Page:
The GDP is considered the nation’s report card because it provides the broadest measure of economic activity. What does the US’s latest report on the state of the economy, the US’s GDP report card, say in regards to further monetary easing, yes or no?
Lets break it down into a pro/con list, the pros are actually negative stats but are positive for more quantitative easing (QE3).
Second Quarter Report Card, Pro
- The Commerce Department said gross domestic product expanded at a 1.7 percent annual rate. GDP growth is sluggish – the economy’s average sustainable growth rate has historically been between 2.5% and 3.0% – a growth rate of between two percent and 2.5 percent is generally seen as needed just to hold the jobless rate steady.
- The unemployment rate ticked up to 8.3 percent in July (and has exceeded eight percent for 42 straight months) so despite the Fed’s best efforts the unemployment rate is still climbing, payroll increases averaged 73,000 in the second quarter, down from 226,000 in the prior three months. More disturbing, nearly half of the unemployed people in the US have now been out of work for six months or longer, that’s up from the traditional median unemployment duration of ten weeks.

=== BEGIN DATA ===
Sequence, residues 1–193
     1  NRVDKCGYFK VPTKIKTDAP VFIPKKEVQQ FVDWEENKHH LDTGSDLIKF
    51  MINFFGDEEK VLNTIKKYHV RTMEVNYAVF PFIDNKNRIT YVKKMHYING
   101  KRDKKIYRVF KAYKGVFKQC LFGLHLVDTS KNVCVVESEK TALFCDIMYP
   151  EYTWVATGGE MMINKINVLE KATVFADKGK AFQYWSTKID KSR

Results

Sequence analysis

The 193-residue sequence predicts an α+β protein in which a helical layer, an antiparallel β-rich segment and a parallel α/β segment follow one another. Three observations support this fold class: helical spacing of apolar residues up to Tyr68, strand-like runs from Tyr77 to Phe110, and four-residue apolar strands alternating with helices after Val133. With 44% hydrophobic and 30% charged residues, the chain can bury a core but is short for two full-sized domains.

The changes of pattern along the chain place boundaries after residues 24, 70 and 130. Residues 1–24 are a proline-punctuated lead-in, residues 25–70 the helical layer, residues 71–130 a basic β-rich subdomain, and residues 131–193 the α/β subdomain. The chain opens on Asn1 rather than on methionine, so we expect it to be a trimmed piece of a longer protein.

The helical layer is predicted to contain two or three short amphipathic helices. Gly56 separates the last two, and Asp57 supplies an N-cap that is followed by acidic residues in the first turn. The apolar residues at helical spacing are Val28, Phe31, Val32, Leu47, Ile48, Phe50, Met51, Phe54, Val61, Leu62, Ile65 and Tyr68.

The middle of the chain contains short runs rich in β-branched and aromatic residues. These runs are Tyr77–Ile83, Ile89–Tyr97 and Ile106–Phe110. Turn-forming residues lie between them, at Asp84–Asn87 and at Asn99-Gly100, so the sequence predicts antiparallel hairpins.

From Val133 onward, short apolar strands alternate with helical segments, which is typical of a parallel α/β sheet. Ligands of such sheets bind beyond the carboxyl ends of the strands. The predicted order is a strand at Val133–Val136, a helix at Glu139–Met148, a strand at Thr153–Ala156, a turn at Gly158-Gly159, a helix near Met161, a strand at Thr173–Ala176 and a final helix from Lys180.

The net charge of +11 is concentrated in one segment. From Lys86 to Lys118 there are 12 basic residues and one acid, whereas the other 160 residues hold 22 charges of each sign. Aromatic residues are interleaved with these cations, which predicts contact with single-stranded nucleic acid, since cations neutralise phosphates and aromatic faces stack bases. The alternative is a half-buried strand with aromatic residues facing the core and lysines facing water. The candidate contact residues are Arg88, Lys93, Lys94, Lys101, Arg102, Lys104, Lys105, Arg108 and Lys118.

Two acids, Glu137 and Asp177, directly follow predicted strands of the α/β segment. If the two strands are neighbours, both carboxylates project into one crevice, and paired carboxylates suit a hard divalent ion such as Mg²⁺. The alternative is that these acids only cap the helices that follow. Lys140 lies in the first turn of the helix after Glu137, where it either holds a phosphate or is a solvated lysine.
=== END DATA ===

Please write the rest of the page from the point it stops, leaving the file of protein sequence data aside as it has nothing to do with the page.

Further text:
- Consumer spending, which accounts for about 70 percent of U.S. economic activity, was 1.7 percent, down from the first quarter’s 2.4 percent pace. A smaller rise is expected for the third quarter with demand for big-ticket items such as automobiles cooling.
- Rising fuel costs and the prospect of tax changes and government budget cuts – the so called “fiscal cliff” in the U.S., the $600 billion of tax increases and spending cuts that will take effect automatically at the end of the year are hurting consumer confidence.
- There was a pull-back in restocking by businesses wary of sluggish domestic demand. Also growth in business investment in equipment and software was lowered to a 4.7 percent pace, the slowest since the third quarter of 2009 and softer export growth is expected. Factory orders data showed demand for non-defense capital goods excluding aircraft – a measure watched as an indicator of business confidence and future spending – fell 4 per cent in July, following a 1.7 per cent decline in June. The months of May and April saw declines of 2.1 per cent.
The Bright Spots, Con
- Stronger export growth.
- Wages and salaries from April through June rose by $56.1 billion after a revised $133.5 billion first-quarter gain that was bigger than the previous estimate of $123.3 billion.
- Disposable income adjusted for inflation rose 3.1 percent from April through June after a 3.7 percent gain in the first quarter.
- The saving rate in that same period climbed to four percent from 3.6 percent in January through March.
- The index of pending home re-sales climbed 2.4 percent to 101.7, the highest since April 2010.
Reason, and Room, to Ease
At this point, QE3 is a real possibility. According to Federal Reserve chief Ben Bernanke, “We have seen no net improvement in the unemployment rate since January. Unless the economy begins to grow more quickly than it has recently, the unemployment rate is likely to remain far above levels consistent with maximum employment for some time.”